Sunday night from 9-11pm has quickly turned into my favorite two hours of the entire week. Last night, ESPN aired episodes three and four of the The Last Dance, after episodes one and two successfully brought in an average 6.1 million viewers in the U.S. alone.
In part II, “The Last Dance” season of the 1997-98 Chicago Bulls continued to progress, but episodes three and four also jumped backward in time to offer insight into the lives of Dennis Rodman and Phil Jackson, while also reflecting on Michael Jordan’s —and Chicago’s—first championship title in 1991.
“Bad Boy” Basketball: The NBA in the ’80s
You here it all the time. The NBA has become “soft”. LeBron James, James Harden, Marcus Smart—they wouldn’t last a single game in the 1980s. They flop and complain too much. Part II of the The Last Dance gave genuine insight to this idea. The infamous “Jordan Rules” was a defensive strategy employed by the Detroit Pistons to clobber MJ anytime he left the ground.
The refs would call fouls, but the aggressively violent defense discouraged MJ and the Bulls to drive to the hoop. They knew if they left the ground to try and finish a layup, they were going to be hit—hard. In today’s NBA, half of the “Bad Boys” would probably pick up flagrant fouls and eventually be ejected from the game. The physical toll of playing the Detroit Pistons fueled the Eastern Conference rivalry for several years.
Detroit eliminated Chicago in the playoffs for three seasons in a row (1988-1990), before the Bulls swept them in 1991. After being swept at The Palace, the Pistons exited the court with 7.9 seconds remaining, refusing to shake the hands of eventual-NBA-champions Jordan, Pippen, and Jackson.
Some would call this a lack of sportsmanship or maturity, but Horace Grant elegantly described the 1991 Pistons as:
Iconic Jordan Moments
Part II also presented moments that contribute to Michael Jordan’s legacy as a basketball icon. Three different moments from part two of The Last Dance emerge as particularly historical. Keep in mind, the docuseries flashes back to 1991; Jordan hadn’t won a ring yet, and his reputation was the MVP, ROY and scoring leader who could not win the most important award—an NBA championship.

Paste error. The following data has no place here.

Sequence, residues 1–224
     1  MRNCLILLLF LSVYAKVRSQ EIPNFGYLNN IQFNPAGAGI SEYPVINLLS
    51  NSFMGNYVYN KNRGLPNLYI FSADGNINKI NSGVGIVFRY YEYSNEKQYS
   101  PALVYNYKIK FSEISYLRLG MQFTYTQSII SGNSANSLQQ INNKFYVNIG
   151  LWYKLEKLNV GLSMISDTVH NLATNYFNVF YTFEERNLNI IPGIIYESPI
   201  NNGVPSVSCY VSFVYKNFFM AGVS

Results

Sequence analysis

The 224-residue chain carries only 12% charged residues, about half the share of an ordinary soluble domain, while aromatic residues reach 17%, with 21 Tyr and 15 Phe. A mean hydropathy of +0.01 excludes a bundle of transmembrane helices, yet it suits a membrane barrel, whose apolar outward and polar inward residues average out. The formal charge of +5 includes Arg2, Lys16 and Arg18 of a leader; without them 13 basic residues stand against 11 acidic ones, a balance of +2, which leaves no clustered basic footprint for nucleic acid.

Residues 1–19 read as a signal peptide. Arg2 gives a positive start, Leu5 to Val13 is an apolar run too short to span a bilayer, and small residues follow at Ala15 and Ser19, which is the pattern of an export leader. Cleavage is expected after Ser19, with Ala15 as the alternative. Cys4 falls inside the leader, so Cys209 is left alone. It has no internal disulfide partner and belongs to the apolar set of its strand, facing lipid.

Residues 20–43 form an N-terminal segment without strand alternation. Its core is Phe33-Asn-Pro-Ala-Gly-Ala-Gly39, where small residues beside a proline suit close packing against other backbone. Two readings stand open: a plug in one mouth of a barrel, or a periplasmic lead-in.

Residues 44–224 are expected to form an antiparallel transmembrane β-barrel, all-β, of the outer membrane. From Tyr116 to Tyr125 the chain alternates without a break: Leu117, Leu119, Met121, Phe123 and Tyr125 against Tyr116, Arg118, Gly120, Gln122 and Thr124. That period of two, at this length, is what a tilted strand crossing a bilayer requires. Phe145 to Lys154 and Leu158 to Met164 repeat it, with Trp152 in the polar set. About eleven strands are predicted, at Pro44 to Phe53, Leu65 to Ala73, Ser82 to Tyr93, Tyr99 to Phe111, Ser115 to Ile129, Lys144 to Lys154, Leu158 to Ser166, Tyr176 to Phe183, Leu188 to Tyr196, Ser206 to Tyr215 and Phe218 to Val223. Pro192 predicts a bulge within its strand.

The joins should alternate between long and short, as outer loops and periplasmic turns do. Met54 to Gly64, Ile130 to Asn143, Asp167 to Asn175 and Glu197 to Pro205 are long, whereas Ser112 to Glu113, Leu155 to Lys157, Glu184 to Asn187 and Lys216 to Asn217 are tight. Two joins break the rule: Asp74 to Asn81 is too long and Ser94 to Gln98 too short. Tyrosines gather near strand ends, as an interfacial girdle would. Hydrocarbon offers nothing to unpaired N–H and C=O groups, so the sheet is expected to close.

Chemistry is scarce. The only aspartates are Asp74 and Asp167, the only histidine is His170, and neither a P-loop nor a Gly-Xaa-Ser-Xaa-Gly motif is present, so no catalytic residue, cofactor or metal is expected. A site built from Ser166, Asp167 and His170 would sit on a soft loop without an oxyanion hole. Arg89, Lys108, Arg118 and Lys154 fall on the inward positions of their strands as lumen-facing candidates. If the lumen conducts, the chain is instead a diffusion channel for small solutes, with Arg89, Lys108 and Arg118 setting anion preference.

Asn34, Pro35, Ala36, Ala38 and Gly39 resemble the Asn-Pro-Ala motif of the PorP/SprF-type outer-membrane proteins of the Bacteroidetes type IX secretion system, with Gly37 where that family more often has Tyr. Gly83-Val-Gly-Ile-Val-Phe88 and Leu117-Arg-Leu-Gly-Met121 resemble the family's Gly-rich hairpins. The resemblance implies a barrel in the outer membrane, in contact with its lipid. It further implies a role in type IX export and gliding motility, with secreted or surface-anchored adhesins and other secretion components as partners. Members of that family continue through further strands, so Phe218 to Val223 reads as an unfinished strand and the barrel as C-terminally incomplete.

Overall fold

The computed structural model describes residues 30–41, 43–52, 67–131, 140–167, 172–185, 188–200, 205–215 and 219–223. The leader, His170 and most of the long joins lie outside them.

Clutch shots and spectacular plays might not have seemed legendary in the moment, but looking back, define MJ as the heroic figure he is today.
- “The Shot”
Down by 1 to the Cleveland Cavaliers, Jordan received the inbound with 3 seconds left, hung in the air for several seconds and buried the game-winning jumper as time expired.
2. Jordan’s Mid-Air, Switch-Handed Layup
In game 2 of the 1991 NBA Finals, Jordan drove to the hoop against Magic Johnson’s Los Angeles Lakers. Instead of throwing it down with his right hand, Jordan decides to switch hands and lay the ball in left handed as he falls down. The basket was part of 13 consecutive field goals made by Jordan; a playoff and Finals record that stands today. Marv Albert with the call:
3. Jordan’s 1st Title
Pure emotion. Jordan’s first ring. Although more trophies would come, it seemed as if everything in Jordan’s life led up to this moment. Jordan earned his first national title at the Superdome during his time at UNC. After acheiving the ultimate collegiate accomplishment, Jordan had now brought a ring to the Bulls, the team that drafted him with the third overall pick in 1984. Having his father right next to him made the celebration significantly more special.
Dennis “The Worm” Rodman
Perhaps the central figure of part two, Dennis Rodman becomes the focal point of episodes three and four of The Last Dance. The viewer gets glimpses of Rodman on the Pistons—before the dyed hair and piercings—as well as his early life, before his eventual debut with Chicago.
Growing up to in a poor Dallas neighborhood, Rodman was raised by his single mom after his father left at an early age. Rodman did not excel in high school sports, and later worked as an overnight janitor at Dallas Fort Worth International Airport before experiencing a growth spurt that landed him at Cooke County College, where he averaged 17 points and 13 rebounds. After failing academically, Rodman transferred to Southern Oklahoma State University where he was a three time NAIA All-American. Rodman went on to be the third pick in the second round of the 1986 Draft (27th overall).
Perhaps the most entertaining segment of the entire docuseries thus far, Dennis Rodman’s 48-hour vacation to Las Vegas had viewers yearning for more information about the trip. Other audience members theorized what it would be like for Rodman to play in today’s social-media-driven NBA atmosphere.
Aside from all the hypotheticals, there are some attributes that can be described to both Rodman and Vegas; enigmatic, unpredictable, and unequivocally entertaining. One can only hope ESPN decides to create a sequel to The Last Dance; a new docuseries titled 48 Hours in Vegas: Featuring Dennis Rodman. Let’s make it a reality.